Viking-Age society had a powerful upper class, an aristocracy of magnates and chieftains, some of whom called themselves kings, though they ruled mainly over people, not territories, via alliances based more on personal loyalty than on ethnicity. But while the society was hierarchical, social positions were not always as fixed as we might imagine. It was possible for individuals to both improve, and lose, their social status.
A large proportion of the population – perhaps between 20 and 40 percent – was unfree, or thralls. Locally born slaves had more freedom that those who had been captured and forced into captivity. While some unfree people were simply labour slaves, others were given significant rights. A ‘housecarl’ on a farm or estate could, if he was lucky, advance to the level of ‘bryte’, a type of farm manager or overseer.
The trade in thralls or slaves for labour was highly profitable. Indirect evidence of the trafficking of thralls in Viking-Age Scandinavia comes from archaeological finds such as shackles, neck-irons and similar restraints.
Land, family and farming were at the heart of Viking society. Owning land was very important and determined your social position, history and future. The white male warrior roaming the high seas with his horned helmet and warship – the image so commonly evoked when thinking of Vikings – is more myth than historical reality. Though there were plenty of men, warriors, testosterone and bloodshed in the Viking Age, fascinating new research has concluded there were also women, children, peaceful farming and trade. The warrior stereotype does not represent this era nearly as much as popular images would indicate. Nor does the figure of the plundering seafarer; this was not primarily a maritime culture, but instead an agricultural economy of stock breeders and farmers.
One of the most tenacious myths about the Viking Age is that armed men in warships fought battles and plundered monasteries, or set off on distant trading journeys, while the women stayed at home on the farms spinning yarn. Both the archaeological evidence and the written Norse sources, however, paint a completely different picture.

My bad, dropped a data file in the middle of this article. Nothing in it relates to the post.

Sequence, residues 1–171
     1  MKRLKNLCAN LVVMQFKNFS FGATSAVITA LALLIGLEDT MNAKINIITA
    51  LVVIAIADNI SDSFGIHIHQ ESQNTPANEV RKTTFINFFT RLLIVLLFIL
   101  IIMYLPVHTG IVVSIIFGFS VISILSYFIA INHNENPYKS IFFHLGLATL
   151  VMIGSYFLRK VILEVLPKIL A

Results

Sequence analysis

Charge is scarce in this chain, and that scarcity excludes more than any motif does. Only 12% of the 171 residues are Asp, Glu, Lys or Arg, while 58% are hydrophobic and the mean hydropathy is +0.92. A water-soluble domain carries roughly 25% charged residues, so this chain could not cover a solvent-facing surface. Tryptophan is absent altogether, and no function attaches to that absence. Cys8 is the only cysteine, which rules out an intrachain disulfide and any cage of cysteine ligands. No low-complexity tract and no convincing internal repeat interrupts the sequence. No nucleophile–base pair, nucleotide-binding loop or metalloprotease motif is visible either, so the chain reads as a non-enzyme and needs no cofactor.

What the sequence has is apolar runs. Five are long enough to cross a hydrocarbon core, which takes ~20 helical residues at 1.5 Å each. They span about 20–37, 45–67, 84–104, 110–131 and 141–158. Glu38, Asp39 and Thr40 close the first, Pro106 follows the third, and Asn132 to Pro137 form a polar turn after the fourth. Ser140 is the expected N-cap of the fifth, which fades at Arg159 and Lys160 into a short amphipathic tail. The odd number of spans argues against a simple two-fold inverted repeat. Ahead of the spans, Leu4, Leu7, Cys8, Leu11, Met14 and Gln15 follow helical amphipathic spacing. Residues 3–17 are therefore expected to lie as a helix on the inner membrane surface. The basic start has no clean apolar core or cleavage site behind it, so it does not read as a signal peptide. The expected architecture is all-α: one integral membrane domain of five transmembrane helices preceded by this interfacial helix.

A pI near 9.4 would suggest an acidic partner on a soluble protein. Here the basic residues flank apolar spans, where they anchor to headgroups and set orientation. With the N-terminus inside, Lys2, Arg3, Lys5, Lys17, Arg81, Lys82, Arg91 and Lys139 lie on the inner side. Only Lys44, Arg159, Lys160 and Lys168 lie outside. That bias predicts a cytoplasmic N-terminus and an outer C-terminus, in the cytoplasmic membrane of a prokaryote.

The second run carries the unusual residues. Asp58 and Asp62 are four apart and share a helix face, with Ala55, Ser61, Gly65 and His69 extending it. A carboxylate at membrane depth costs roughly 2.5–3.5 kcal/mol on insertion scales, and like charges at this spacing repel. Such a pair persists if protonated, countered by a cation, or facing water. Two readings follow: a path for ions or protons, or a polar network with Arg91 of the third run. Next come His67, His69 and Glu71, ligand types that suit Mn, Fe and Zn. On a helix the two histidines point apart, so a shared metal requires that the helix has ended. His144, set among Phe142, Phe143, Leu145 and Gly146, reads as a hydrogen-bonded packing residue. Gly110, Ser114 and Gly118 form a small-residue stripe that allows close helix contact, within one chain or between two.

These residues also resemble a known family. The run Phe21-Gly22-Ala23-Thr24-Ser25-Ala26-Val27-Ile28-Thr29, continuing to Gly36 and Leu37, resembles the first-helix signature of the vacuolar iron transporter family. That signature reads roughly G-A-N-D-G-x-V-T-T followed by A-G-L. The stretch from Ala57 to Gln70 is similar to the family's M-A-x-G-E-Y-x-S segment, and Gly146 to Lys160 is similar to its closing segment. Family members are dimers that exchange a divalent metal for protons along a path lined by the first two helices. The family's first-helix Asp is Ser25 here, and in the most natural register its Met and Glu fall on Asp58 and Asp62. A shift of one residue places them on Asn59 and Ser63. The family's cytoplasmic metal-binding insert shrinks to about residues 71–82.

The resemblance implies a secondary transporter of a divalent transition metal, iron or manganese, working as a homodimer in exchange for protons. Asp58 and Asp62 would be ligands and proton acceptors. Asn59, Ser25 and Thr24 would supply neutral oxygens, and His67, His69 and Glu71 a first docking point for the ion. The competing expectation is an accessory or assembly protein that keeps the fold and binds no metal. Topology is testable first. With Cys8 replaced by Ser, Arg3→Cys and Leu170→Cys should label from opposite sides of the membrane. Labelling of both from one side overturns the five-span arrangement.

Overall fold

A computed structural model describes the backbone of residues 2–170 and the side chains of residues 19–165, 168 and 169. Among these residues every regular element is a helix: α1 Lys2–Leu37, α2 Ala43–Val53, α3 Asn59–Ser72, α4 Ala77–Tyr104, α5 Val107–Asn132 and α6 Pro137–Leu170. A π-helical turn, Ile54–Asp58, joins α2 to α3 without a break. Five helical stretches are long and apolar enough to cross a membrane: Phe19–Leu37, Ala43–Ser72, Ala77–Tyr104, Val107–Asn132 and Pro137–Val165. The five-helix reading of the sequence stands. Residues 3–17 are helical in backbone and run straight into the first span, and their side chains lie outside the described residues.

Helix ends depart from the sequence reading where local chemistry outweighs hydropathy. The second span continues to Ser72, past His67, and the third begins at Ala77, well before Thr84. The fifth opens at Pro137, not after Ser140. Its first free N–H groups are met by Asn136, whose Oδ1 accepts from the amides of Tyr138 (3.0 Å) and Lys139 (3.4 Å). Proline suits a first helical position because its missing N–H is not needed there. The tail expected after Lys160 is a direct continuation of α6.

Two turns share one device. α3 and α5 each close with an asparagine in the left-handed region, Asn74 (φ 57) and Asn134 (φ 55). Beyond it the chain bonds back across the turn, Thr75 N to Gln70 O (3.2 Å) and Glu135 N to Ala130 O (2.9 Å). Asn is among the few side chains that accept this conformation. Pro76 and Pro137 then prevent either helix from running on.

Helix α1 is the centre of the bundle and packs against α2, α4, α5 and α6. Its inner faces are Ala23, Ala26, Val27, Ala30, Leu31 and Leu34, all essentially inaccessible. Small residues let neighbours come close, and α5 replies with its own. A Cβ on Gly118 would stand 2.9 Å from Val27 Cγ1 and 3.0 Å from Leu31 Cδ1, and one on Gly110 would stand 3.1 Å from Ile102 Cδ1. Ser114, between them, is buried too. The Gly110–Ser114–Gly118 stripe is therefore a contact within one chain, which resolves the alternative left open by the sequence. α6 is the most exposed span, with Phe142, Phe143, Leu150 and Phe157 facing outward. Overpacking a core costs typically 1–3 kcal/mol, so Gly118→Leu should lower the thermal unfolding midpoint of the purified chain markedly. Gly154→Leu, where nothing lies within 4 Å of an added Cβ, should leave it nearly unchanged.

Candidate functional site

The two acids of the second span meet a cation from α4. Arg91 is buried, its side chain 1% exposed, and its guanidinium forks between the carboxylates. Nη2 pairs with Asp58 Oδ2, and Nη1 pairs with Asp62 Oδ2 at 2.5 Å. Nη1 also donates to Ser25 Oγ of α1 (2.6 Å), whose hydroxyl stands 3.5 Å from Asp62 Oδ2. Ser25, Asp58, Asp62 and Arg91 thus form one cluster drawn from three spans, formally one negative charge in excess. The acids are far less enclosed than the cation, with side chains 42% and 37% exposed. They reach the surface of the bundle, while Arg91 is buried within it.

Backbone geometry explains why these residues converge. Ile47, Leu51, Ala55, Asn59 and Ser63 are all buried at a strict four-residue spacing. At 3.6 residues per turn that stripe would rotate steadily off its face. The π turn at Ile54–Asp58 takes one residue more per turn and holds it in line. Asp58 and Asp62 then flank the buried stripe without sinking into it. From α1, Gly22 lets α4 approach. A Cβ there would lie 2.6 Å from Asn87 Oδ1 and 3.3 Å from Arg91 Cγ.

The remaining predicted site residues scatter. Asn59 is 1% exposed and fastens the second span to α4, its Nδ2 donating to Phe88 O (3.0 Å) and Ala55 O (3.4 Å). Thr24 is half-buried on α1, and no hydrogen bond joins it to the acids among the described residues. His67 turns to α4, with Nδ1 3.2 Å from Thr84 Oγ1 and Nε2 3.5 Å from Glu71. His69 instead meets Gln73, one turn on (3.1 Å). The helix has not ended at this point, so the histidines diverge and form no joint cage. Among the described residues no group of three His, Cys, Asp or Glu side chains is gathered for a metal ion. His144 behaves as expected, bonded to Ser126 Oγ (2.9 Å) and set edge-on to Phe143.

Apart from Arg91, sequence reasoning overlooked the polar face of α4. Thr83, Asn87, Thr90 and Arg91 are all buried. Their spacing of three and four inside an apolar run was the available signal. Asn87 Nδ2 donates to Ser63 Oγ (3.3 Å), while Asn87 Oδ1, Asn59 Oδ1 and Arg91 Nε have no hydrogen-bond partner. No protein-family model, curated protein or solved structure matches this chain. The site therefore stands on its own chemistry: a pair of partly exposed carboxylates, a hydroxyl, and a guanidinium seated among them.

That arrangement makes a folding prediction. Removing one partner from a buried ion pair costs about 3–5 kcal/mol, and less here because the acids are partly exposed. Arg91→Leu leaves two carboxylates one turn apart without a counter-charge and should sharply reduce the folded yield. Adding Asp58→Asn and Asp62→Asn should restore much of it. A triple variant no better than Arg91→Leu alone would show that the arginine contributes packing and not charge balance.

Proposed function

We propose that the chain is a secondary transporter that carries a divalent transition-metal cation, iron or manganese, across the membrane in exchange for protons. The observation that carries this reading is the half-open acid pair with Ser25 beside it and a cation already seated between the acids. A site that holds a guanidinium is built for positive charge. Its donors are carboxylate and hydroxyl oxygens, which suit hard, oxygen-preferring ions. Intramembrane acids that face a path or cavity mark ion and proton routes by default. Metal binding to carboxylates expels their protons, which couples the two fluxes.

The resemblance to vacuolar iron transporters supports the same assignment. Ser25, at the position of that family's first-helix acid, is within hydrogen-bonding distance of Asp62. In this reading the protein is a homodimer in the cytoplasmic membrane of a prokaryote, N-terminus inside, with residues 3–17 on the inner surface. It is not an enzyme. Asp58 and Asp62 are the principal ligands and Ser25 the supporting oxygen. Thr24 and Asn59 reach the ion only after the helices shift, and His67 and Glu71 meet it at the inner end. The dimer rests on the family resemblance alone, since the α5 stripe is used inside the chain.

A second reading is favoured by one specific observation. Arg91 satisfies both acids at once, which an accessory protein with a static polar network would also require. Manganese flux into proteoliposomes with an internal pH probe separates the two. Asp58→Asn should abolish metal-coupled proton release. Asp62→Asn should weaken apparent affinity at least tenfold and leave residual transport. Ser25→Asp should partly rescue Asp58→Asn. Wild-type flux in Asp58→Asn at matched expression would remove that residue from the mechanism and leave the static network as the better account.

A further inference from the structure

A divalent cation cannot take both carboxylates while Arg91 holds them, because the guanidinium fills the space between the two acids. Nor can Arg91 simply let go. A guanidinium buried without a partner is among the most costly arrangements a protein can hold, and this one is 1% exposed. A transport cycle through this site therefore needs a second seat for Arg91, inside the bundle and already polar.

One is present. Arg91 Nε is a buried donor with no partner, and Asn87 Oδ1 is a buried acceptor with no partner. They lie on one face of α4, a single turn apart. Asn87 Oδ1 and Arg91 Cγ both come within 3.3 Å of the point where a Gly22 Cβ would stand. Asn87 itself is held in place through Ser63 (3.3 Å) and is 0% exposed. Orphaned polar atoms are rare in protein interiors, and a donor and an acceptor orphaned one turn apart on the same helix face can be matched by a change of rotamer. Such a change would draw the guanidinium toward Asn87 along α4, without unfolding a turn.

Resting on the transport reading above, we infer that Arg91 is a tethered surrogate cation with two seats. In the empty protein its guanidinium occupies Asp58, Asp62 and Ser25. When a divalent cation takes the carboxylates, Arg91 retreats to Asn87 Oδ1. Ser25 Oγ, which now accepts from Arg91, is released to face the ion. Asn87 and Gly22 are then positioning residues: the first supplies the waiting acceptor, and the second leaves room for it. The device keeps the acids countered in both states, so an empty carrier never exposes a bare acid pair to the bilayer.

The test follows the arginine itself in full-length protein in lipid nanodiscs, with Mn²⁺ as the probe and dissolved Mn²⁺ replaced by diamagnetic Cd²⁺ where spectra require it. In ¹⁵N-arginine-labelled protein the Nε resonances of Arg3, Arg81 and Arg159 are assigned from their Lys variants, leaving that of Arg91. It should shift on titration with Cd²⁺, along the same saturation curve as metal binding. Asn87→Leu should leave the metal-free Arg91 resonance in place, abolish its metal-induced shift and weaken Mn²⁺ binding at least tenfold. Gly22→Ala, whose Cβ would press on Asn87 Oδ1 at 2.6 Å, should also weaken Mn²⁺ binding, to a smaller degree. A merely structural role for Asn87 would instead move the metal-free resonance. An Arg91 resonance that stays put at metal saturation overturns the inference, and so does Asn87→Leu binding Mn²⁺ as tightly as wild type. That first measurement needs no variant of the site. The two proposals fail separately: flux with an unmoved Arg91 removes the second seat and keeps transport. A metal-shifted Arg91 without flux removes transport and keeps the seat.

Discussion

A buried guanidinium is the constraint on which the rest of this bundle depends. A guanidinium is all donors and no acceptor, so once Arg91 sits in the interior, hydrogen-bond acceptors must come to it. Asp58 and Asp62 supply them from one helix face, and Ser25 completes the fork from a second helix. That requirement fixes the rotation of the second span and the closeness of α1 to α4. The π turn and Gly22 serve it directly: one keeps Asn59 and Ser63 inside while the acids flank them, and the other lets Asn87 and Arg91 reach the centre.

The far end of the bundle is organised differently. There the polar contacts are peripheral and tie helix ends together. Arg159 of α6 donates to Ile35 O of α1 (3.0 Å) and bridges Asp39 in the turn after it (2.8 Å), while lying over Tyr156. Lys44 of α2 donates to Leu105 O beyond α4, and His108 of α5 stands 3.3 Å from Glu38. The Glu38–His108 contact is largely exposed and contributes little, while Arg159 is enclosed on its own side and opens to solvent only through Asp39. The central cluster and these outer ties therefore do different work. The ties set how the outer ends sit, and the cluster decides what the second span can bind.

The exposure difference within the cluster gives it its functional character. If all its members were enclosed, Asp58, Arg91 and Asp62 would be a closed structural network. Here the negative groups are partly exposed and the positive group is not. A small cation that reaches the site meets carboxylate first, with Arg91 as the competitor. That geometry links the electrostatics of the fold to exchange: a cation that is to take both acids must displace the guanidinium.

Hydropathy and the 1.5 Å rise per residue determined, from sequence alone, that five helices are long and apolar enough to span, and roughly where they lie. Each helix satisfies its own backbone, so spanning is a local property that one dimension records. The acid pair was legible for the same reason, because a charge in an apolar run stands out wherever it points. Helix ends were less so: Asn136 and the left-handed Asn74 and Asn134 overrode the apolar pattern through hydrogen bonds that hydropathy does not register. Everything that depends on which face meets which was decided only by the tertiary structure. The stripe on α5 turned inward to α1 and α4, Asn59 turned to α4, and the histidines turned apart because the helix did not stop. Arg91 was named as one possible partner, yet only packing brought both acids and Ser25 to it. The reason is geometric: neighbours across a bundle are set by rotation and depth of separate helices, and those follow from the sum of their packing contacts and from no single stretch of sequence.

The women’s role was multifaceted, and women in the Viking Age seem to have had a more equal position to men than those in later periods. Their contributions to production and reproduction were not valued any less than men’s. Relations between the sexes seem to have been complementary, with women having responsibility for the private ‘indoor sphere’, and men for the public ‘outdoor sphere’. One of the roles of the free woman was that of housewife; she was the mistress of the farm and the undisputed head of the household. Since the farm was in many respects the very centre of the human world in the Viking Age, this role was probably not as limiting as it might seem to modern people.
The role of mistress of the house is symbolised by the key that she wears fully visible over her clothes, often hanging on a chain from a tool brooch. These symbolic keys were usually made of bronze and furnished with artistically executed shafts. Keys, both ornamental and everyday, are a common find in Viking-Age graves. Ornamental keys are found frequently, and exclusively, in women’s graves, and show little or no wear. They differ considerably from ordinary keys for practical use, which are usually well worn and made of iron. Unlike symbolic keys, ordinary keys occur in the graves of men, women and children alike.
Women were not confined solely to the farm, however. Statements in Norse literature show that women took part in such activities as trade and colonisation. Trade-related finds such as weights and scales are just as often found in women’s graves as in men’s. As well as archaeological finds indicating that women engaged in trade and colonisation, there is evidence from Norse literature. One is the tale of Unn the Deep-Minded, a leading character in Laxdæla Saga. One energetic and impressive woman in the sagas is Freydis Eiriksdottir, who set off from Greenland, together with her husband and others, towards Leifsbudir, the site in Newfoundland where her brother Leif Eiriksson (‘the discoverer of America’) had previously tried to establish a settlement. Soon after they arrived fighting broke out, both among the colonists and with the indigenous population. A frequently retold story concerns the heavily pregnant Freydis who, after the Norsemen had been killed or put to flight by the natives, mocked her fellow countrymen for their cowardice, grabbed a sword and entered the fray bare-breasted. At the sight of this valkyrie, the attackers ran for their lives.
Excerpt from: ‘The age of Vikings: artisans, traders, slaves and buried treasure’, Signals quarterly, published by the Australian National Maritime Museum, Edited by Janine Flew from essays by curators Gunnar Andersson and Kerstin O Näversköld and Associate Professor Fredrik Svanberg of the Swedish History Museum. Reproduced with permission. Gunnar Andersson’s book Vikings: Beyond the legend, which accompanies the exhibition, is available from The Store.
Become a Member of ANMM and receive a free copy of our journal, Signals, every quarter.